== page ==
Consulate-General of Japan in Houston


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Consul General's News Letter From Houston

Remarks by Consul-General Jota Yamamoto
in the Reception to Kick Off
Japan Cultural Relations
February 16, 2012

February 16, 2012

Honoured Colleagues,
It is a great pleasure for me to welcome you all as we celebrate together the opening of the Arts of Japan Gallery at the Museum of Fine Arts Houston.  It is an honour that the Japan Gallery is to be the culminating exhibit in an effort that began back in 2007 to expand Asian art at the museum, that will kick off the Japan cultural relations 2012.

I must thank Ms. Gwen Goffe, Ms. Christine Starkman, Ms. Valerie Greiner and all the staff of the Museum of Fine Arts for giving me this wonderful reason to bring all of us together tonight.  That we are all gathered here from many different backgrounds and professions speaks volumes to the diversity, richness and vibrance that is the culture of Houston.  I would also like to pay tribute to all the generous donors, who made this gallery possible. 

I extend a special welcome to Mr. Masami Zeniya, Executive Director, Mr. Hiroyuki Shimatani, Vice Executive Director, Ms. Satomi Kito, Senior Manager of International Relations and Mr. Shinji Ito, Senior Manager of Education Programming of Tokyo National Museum who are with us from Japan.  It was remarkably generous of the Tokyo National Museum to help mark the gallery opening by sharing with people in Houston, National Treasures and Cultural Properties of Japan that will be on display during the grand opening.  They surely represent the “elegant perfection.”

Also in connection with the Museum opening, internationally acclaimed professional musician, Ms. Akiko Yano: welcome.  I very much enjoyed your performance last night and look forward to the chance to hear you perform again tomorrow night.  I wonder if you could take some rest at all this evening.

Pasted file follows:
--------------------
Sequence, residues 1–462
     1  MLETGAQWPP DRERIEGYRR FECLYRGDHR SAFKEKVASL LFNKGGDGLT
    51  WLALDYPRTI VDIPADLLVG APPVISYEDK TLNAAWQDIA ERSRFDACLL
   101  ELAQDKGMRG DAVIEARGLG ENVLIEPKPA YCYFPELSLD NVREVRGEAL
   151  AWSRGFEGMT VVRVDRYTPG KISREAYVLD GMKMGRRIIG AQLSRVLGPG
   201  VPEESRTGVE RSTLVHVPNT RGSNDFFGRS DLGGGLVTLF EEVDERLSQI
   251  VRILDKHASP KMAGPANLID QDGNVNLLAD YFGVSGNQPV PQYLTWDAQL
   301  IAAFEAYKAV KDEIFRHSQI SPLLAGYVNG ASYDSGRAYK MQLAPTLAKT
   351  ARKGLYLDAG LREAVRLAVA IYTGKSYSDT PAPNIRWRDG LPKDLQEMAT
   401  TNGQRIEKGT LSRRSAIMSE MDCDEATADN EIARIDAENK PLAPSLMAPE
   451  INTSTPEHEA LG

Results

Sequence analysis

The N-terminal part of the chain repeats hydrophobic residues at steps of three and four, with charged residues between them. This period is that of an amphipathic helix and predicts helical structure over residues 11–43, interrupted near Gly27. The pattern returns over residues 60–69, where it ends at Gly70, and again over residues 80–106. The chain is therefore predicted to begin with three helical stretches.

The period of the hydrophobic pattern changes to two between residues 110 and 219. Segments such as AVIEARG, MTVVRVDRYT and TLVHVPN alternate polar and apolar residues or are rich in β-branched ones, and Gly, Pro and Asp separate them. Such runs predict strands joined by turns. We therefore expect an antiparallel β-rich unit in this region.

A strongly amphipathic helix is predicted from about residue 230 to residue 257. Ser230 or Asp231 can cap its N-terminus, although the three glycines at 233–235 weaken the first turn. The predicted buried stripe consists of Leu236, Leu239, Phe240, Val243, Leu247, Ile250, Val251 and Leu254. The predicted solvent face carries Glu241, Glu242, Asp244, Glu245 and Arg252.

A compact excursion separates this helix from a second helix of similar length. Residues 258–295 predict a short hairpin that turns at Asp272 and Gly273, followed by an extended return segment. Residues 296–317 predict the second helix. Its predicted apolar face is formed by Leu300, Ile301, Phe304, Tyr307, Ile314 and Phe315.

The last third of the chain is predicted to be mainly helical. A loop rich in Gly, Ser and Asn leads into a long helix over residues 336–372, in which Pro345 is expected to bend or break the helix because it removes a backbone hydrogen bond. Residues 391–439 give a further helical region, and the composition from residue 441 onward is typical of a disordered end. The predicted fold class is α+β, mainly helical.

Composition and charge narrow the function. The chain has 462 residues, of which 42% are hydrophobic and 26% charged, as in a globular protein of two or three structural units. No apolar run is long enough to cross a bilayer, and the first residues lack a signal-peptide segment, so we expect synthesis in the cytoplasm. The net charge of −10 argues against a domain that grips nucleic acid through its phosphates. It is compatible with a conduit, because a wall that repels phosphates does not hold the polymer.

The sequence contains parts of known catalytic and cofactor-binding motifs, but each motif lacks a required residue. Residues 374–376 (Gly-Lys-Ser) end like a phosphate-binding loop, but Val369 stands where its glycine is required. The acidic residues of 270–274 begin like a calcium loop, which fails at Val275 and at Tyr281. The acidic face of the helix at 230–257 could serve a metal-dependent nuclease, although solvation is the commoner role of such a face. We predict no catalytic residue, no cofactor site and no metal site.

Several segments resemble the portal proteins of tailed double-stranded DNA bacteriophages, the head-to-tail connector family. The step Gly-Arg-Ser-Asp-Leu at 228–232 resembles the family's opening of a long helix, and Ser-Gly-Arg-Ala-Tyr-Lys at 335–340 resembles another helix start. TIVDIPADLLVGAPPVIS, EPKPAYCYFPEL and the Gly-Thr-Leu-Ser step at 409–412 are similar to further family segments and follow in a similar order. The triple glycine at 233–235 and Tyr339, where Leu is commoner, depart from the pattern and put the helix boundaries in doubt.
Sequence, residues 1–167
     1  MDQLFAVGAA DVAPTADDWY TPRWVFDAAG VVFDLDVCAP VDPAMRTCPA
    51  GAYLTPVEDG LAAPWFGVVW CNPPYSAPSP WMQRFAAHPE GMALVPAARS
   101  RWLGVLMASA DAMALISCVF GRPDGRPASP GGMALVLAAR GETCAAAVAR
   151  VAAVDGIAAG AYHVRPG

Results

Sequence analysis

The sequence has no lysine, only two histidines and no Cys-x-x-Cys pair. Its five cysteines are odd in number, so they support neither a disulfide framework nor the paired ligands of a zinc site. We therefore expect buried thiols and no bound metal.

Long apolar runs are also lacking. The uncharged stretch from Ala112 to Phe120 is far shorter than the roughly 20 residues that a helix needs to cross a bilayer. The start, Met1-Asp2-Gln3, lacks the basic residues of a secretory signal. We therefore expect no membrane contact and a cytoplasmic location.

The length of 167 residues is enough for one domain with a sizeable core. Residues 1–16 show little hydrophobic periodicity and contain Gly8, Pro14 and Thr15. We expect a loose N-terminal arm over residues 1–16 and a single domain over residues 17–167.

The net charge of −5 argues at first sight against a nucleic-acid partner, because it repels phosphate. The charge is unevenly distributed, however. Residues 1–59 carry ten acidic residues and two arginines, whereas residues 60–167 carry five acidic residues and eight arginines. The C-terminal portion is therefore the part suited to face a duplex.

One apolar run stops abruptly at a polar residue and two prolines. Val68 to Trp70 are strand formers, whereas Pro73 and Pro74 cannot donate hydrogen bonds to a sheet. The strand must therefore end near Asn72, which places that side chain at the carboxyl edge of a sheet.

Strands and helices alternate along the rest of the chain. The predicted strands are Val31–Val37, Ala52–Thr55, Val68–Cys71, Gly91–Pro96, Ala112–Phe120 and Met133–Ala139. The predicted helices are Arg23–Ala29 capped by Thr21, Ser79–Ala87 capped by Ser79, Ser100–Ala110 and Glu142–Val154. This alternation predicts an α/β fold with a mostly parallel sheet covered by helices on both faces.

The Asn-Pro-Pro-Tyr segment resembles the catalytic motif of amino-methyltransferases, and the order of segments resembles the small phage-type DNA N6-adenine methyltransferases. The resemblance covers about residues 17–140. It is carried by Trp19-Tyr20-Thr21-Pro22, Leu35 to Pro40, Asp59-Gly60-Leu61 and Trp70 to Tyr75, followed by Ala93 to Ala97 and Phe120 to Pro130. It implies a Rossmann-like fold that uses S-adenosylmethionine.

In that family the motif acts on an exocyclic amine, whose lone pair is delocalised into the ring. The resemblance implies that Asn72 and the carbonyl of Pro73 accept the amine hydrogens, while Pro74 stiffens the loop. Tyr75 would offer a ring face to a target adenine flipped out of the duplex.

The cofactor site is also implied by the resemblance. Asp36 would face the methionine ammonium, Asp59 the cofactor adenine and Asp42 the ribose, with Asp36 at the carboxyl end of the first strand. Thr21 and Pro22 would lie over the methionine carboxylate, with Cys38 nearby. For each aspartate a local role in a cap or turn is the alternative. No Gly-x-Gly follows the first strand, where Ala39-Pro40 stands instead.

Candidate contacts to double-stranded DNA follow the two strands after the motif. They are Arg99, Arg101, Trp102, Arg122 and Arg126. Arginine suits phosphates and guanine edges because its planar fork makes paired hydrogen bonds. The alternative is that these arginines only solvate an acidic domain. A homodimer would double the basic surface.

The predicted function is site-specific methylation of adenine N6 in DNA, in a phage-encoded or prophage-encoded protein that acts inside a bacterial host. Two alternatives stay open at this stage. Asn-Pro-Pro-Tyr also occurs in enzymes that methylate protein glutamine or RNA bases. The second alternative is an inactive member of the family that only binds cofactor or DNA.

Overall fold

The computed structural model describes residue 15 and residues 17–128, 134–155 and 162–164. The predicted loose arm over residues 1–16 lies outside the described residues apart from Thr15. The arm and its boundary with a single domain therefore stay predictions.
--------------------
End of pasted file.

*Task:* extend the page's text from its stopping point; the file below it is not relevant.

Welcome to Madam Franci Crane.  I miss Mr. James Crane this evening but it is fabulous to receive you tonight.  I congratulate Mr. Crane’s reassuring initiatives upon the Houston Astros, and I am sure that you will nicely mastermind your husband towards the good success of our beloved team.

In the other half of the state, the Texas Rangers have signed on Yu Darvish, a prized Japanese pitcher.  This season will be the last chance for the World Series to be fought between the Astros and the Rangers.  Like any other Japanese, or American, I need two or three hours for talking of baseball, but I shall stop here for the moment, and will get back to the Astros, some ten minutes later.

Together with Madam Astros, we also welcome this evening Mr. Astronaut, the great astronaut Mr. Leroy Chiao and his wife.  I applaud you for your commitment continuing on in the field of science and space technology following your career as an astronaut.  You personally understand the importance of combining brains and talents from all countries to ensure the best result.  In response to such spirit, seven Japanese Samurai astronauts are now actively engaged in NASA activities, pursuing their dreams towards outer space.